I thought of Bloom for other reasons, though. The editors and contributors say much about vorticism, modernism, postmodernism, and pedagogy (as well as about McLuhan’s notions of media, the social function of art, and counter-environments), but they say little about a theory of influence—though they do a terrific job of noting and studying instances of influence from a historical standpoint. Bloom’s The Anxiety of Influence may not have provided the most appropriate critical lens, but I was hoping to see more made of influence via Clayton, Friedman, Kristeva, or Rothstein (to name a few examples). That yearning, though, is my compliment: Counterblasting Canada maps a history of influence so compelling and dynamic—there is much made throughout these essays of Lewis’ impact on McLuhan, McLuhan’s impact on Sheila Watson, and so on—that it compels the reader to think more deeply on such issues. The concept seems to underpin many, if not all, of the chapters in Counterblasting Canada. Some essays are lucid discussions of influence that, in their own right, might be of use to future scholars of any field (Canadian or otherwise): in particular, Hammond and Wershler offer two of the strongest pieces in Counterblasting Canada by thinking about the processes, strategies, and lasting impact of specific and general influences in the humanities.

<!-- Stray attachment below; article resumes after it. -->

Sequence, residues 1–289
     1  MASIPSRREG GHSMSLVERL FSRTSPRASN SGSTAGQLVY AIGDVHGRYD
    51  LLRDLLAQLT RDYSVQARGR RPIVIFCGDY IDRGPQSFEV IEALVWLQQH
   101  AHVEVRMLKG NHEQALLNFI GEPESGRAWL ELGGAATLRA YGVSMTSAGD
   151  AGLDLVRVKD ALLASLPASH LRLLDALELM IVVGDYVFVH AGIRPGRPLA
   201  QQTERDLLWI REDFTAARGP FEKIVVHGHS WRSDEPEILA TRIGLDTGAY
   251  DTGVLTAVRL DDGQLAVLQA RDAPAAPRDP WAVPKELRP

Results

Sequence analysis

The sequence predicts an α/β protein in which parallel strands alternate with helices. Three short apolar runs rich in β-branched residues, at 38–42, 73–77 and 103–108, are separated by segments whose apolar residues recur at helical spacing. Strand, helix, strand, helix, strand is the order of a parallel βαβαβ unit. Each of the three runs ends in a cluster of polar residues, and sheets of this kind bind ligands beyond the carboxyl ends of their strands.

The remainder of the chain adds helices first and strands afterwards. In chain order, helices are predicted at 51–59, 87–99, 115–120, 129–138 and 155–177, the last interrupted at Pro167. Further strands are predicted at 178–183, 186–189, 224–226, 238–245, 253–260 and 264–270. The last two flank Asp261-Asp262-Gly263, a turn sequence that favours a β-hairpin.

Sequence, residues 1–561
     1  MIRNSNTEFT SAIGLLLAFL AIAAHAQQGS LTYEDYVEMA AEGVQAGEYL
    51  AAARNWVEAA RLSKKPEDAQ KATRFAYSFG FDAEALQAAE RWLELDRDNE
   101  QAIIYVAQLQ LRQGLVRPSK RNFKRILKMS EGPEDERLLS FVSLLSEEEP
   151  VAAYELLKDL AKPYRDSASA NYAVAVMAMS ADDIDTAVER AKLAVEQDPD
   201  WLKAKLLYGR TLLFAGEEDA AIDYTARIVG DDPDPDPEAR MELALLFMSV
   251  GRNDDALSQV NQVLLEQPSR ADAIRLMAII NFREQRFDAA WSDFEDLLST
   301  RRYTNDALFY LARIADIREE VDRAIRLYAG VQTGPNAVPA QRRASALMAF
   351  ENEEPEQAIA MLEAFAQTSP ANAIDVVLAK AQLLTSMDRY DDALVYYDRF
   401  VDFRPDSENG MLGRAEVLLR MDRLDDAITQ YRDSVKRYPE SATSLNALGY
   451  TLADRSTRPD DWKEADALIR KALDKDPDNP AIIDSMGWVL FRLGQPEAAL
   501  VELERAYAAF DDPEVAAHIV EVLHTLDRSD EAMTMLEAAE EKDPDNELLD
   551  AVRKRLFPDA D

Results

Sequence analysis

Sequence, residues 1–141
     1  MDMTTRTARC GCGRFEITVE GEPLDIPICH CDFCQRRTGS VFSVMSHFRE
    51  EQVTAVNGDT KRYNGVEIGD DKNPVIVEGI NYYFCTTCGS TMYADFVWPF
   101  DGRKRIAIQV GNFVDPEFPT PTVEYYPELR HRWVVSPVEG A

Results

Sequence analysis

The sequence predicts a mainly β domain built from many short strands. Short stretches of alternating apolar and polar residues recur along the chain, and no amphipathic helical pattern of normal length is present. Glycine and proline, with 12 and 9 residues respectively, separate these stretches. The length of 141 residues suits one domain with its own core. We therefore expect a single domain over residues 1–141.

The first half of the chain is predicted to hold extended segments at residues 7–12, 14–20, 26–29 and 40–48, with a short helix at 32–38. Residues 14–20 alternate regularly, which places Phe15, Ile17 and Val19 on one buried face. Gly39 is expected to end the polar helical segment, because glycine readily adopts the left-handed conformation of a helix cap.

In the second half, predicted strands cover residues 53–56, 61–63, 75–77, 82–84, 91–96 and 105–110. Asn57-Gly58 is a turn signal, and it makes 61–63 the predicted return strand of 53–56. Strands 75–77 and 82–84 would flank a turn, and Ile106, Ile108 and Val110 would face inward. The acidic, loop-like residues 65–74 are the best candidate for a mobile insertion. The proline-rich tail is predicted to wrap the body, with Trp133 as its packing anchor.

The model of influence presented in Counterblasting Canada is compelling because it is partly a site of conflict. Influence is collegial collaboration at times, yes—but it is also contest. Sheila Watson, Morra proposes, “maintains that violence” is one way of responding when “communication has failed.” It’s a striking observation for Morra to make, given how often the writers studied in this book disagree with their mentors and colleagues: Surette questions McLuhan even as he praises him, and Tiessen presents a meticulous narrative of Wilfred Watson’s fraught collaboration with McLuhan on From Cliché to Archetype (which precipitated their estrangement after 1969). In Counterblasting Canada, influence is neither an unchallenged mentorship nor an uncritical apprenticeship. Influence is instead—to adapt Wershler’s term (who himself borrows it from Raymond Williams)—a kind of “residuality”: a “persistent element of the past that continues to play an active role” in the present. In Counterblasting Canada, the reception of that residuality is sometimes enthusiastic and sometimes caustic, but it remains a constant dialogue that contrasts with the bland myths of solitary genius that the contributors to this book so carefully avoid.
Counterblasting Canada will have obvious appeal to communications, media studies, or Canadian literature scholars (especially those interested in the recent conversations about later modernism, intermodernism, and the like taking place in American literary discourses), but it is also quite possibly a catalyst for further consideration of what literary collaborations and intellectual collisions occur or have occurred in Canada’s community of writers.